Parents kiss 1-year-old daughter goodbye and switch off life support – 30 minutes later, they hear her voice


Welcoming a child to the world is a truly life-changing experience, and one that’s difficult to explain to anyone who hasn’t themselves been through it.

Of course, raising a child is a challenge unlike any other, and usually presents a roller-coaster of ups and downs that color the lives of any new parent in ways they would never have expected.

For the most part, it’s a time filled with joy and happiness. But what happens when a parent is forced to watch their child battle through serious illness?

Every day, children all over the world are seriously injured or given bad news from a doctor with regards their overall health. In such situations, we as parents are left perilously close to helpless. We can pray, and tell our babies that everything is going to be OK, but the stark fact of the matter is that fate can so often be completely out of our hands.

Posted by Francesca Moore-Williams on Wednesday, January 29, 2014
Just ask Lee and Francesca Moore-Williams, of England, UK. The couple were over the moon to welcome second-born Bella to the world, but complications began to show when, at 14 months old, baby Bella started to lose clumps of her hair.

Despite reassurances from doctors that Bella simply had asthma, the girl took a turn for the worse while on a family vacation in Spain. Lee and Francesca returned home to England, looking for answers.

The truth, sadly, was worse than they could have possibly imagined.

Upon landing in their home country, Bella’s parents took her to Colchester Hospital, in Essex. There, a scan revealed that she had no movement in her “depressed legs”.

Worse, her condition was deteriorating. Before long, Bella was slipping in and out of consciousness as she struggled with a lack of energy.

Little Bella was soon moved to Addenbrooke’s Hospital in Cambridge, where she was admitted to intensive care and placed on a ventilator. There, an MRI scan revealed severe abnormalities across both hemispheres of her brain.

As a result, her parents were informed that Bella most likely had a terminal Mitochondrial disease. As per reports, they were told three times that their daughter wouldn’t make; there was very little for them to do but sit by her side and pray every day.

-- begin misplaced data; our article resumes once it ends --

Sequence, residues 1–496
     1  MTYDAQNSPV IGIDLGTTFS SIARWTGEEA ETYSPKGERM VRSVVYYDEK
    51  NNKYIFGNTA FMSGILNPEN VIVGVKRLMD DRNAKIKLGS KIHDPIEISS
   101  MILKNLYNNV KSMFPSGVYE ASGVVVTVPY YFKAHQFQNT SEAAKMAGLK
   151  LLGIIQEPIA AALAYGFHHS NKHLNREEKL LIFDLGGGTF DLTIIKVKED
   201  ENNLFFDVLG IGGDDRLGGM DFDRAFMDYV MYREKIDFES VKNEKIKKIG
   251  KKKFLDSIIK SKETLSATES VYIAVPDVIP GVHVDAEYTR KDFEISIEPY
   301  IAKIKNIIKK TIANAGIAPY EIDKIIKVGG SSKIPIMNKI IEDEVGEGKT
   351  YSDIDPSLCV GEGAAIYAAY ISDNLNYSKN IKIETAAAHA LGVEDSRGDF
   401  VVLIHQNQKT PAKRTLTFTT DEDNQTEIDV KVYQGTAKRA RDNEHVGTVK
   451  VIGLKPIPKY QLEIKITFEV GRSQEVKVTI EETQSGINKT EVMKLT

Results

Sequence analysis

The illness Bella actually had was Biotinidase deficiency — a genetic disorder that affects just one in every 60,000 births. Fortunately, the hospital had dealt with a similar case six years prior, so they knew how best to try and treat it.

After a round of biotin injections – which Bella took for a few days – doctors tried to take her off the ventilator to see if she could breathe by herself. But she couldn’t, so she was quickly put back on the machine.

Despite the best efforts of the medical professionals, Bella’s health was on the decline, and her family were soon asked to say their farewells at her bedside.

“I now feel a lot of guilt for bringing family members there to say goodbye but I didn’t know that at the time,” Francesca said.

“I will never, ever forget that moment where I had to say goodbye to my daughter.”

Along with their son Bobby, the pair took a final picture with their daughter before turning off her ventilator.

It was then that a positive miracle seemed to occur. Bella tightened her grip as the ventilator was switched off, and soon enough her oxygen levels were showing 100%.

After eventually waking up, the immeasurably brave Bella was moved to a children’s ward. She spent three weeks there, before she was able to return home to her family.

Well, I can safely say this story brought a tear to my eye. I will never get over how unfair the world can be where it concerns innocent children falling ill.

Thank God that Bella showed such an amazing resilience and was able to pull through despite all the odds.

Please, share this article on Facebook to praise the wonderful medical professionals who helped her, and to wish Bella and her family all the best moving forward.


Leave a Reply

Your email address will not be published. Required fields are marked *